Overall, I think my child will have more going for her than I did. The biggest difference is, being a black child in London now, is a lot more positive than it was then. She is never going to face the level of racism – the overt racism - that we did, particularly on the street. She has experienced a couple of racist incidences, but we used to have it night and day.  So that is completely different. I’m not saying that it is utopia now, as I‘m aware that she is middle class, and that she’s insulated from a lot.

What enables someone to do well in the education system and why do some do better than others?

The system is geared up for middle class students. But you can have aspirations if you come from a working class background, and that is just as true for white working class kids. With education, there comes a point when you say ‘here it is and if you want it you can take it’. It‘s a choice. Yes, it is geared up to the middle classes but that shouldn’t stop you. If students don’t take that chance then it’s either they have anxieties (and need more confidence), or it is because they can’t be bothered.

What should schools - and wider society - be doing to help?

I never think I would say this, but government has done a lot already. There is so much happening now for working class children, in terms of education and in terms of money per child. But if there was anything that is missing then it is alternatives to school. I think there is a need for more investment in community-led education programmes that gives children the confidence to go on in education, and I would also like to see universities take over more schools.

Not everybody wants to kick around a football - in our classes we get children to make cars. It is fun, educational and it has got intrinsic value, which appeals to boys. But you need the space and time to do that. That can be in the summer, after school, or on Saturdays. I think if you can get more students doing that, you would solve a lot of the disaffection that is around.

What advice would you give to those young adults who feel they are being left behind because of their background?

If you feel you have reached a plateau in your life then enrol in a course at your local college. People think of all different things to stop them from accessing education, but my advice is simply: go and sign up on a course. You won’t regret it.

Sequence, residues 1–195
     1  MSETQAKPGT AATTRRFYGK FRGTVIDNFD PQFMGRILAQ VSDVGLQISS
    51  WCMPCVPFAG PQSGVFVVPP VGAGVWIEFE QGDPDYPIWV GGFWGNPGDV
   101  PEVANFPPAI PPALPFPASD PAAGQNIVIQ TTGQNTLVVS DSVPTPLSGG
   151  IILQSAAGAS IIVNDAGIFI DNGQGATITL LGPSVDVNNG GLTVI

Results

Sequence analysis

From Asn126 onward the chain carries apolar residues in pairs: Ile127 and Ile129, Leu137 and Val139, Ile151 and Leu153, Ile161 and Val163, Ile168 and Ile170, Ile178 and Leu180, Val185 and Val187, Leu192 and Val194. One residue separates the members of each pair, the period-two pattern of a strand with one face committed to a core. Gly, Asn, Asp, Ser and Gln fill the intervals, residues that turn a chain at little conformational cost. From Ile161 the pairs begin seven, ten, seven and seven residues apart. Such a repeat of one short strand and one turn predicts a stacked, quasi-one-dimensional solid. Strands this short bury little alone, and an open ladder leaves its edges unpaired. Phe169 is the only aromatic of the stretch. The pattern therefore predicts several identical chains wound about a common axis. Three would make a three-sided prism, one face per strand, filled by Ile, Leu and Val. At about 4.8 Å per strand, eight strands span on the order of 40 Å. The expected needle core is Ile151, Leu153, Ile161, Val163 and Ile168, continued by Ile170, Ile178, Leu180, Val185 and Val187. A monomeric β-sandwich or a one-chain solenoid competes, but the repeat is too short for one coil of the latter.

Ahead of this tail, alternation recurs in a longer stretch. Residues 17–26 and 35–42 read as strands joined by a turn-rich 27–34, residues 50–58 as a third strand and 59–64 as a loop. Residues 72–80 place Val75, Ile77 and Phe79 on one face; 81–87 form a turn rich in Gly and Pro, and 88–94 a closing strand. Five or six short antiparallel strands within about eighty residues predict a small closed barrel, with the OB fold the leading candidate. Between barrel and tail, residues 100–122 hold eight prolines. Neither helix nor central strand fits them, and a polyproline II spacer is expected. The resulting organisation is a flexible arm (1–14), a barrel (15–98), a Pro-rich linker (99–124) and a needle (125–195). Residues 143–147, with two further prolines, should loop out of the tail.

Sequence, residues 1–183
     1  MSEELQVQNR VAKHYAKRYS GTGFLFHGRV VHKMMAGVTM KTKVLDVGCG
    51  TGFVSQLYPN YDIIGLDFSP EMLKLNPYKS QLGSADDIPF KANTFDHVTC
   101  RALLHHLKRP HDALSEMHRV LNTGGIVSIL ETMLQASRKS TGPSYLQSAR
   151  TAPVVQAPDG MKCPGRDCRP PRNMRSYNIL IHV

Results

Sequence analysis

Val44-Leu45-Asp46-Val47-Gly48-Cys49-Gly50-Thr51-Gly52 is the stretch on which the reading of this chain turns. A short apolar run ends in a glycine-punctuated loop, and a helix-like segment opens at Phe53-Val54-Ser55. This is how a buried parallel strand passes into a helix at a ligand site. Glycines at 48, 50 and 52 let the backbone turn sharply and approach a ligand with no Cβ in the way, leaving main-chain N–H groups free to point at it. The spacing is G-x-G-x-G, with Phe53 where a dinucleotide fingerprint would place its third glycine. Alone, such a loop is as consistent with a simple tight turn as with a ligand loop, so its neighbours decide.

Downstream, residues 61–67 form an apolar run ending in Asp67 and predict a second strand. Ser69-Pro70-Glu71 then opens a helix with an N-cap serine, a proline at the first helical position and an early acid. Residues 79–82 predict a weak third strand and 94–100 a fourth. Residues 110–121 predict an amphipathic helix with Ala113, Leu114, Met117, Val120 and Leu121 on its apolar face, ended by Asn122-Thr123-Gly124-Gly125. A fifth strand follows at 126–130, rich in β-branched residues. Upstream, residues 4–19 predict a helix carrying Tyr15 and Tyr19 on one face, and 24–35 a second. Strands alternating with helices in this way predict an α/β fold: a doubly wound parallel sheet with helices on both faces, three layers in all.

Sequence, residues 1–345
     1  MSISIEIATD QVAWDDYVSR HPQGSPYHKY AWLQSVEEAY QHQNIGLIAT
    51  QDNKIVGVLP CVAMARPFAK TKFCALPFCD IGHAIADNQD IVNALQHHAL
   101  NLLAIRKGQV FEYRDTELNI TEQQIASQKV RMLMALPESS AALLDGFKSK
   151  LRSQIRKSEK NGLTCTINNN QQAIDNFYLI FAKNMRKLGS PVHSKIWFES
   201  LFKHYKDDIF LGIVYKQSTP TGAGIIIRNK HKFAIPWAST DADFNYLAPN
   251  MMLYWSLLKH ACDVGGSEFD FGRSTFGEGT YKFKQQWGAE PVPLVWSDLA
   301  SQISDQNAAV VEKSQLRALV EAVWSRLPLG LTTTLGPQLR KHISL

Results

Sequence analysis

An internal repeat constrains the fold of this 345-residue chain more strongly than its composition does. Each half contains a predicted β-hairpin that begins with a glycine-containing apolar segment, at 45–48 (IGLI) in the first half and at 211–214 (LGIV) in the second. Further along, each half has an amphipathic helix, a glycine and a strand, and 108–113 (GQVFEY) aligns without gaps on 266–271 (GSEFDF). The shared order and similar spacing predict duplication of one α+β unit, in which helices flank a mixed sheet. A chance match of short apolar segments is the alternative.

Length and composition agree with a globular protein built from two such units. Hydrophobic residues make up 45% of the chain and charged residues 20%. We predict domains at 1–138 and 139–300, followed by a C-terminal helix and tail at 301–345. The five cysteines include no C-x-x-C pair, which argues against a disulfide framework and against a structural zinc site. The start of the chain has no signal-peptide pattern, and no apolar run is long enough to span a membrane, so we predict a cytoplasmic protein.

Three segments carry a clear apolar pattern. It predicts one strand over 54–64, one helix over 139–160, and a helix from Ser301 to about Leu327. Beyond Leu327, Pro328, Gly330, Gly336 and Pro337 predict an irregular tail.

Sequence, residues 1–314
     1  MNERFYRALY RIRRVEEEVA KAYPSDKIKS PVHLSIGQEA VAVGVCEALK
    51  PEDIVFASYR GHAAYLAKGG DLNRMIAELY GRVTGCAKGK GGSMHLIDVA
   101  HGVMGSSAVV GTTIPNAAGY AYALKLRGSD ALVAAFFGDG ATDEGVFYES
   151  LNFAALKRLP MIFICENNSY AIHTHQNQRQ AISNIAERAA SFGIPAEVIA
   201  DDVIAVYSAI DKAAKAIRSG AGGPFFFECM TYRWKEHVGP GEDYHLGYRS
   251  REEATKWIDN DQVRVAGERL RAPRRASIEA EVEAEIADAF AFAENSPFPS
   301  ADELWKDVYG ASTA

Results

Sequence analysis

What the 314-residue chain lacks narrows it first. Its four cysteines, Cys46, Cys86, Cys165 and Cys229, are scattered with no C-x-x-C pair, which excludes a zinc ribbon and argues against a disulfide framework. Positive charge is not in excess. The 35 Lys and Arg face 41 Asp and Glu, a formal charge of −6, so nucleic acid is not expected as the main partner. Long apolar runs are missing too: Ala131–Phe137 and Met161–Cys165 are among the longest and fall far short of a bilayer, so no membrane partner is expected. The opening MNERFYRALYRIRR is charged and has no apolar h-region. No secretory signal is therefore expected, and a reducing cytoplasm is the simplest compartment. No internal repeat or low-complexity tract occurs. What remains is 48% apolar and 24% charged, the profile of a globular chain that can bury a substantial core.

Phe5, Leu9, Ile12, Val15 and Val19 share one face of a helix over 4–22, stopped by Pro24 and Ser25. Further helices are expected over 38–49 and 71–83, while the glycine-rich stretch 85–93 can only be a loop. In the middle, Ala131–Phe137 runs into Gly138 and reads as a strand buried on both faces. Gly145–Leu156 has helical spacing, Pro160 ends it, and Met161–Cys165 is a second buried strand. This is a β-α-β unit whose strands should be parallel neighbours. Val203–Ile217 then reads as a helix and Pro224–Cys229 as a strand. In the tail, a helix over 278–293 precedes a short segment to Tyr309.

What do you do to relax?

I like the river Thames and I have re-discovered the South Bank. I enjoy the theatre, cinema and reading. I also think that we live in our little pockets of London and we don’t understand the other areas. So one of the things I have done is to explore new bits of London, like Primrose Hill. As a South Londoner, North London feels like another continent, to me; it is vast. South London feels like a village, in comparison! 

What is the worst thing about London?

Dingy high streets with lots of ‘To Let’ signs.  The supermarkets dominate everything and the vibrant little high streets, that used to be at the core of life, have been left to ruin. You find that happening all around London.

What is the best thing?

It has got to be the diversity of the people around you.  And lots to see and do!

If you had only one more day in London (i.e. had to leave tomorrow) what would you spend your last day doing?

I would go to Greenwich Village and Blackheath. I have got romantic memories of that area that I would like to be reminded of. 

Where do you want to end up when you pop your clogs?

I don’t have any romantic idea about where I end up. It would just be nice to be in a place where I wasn’t feeling any pain. The Thames will do. I have very mixed feelings about London. It is like a relationship with a person that you want to escape from, but at the same time you know you will go back to.

last updated: 28/10/2008 at 11:44
created: 27/10/2008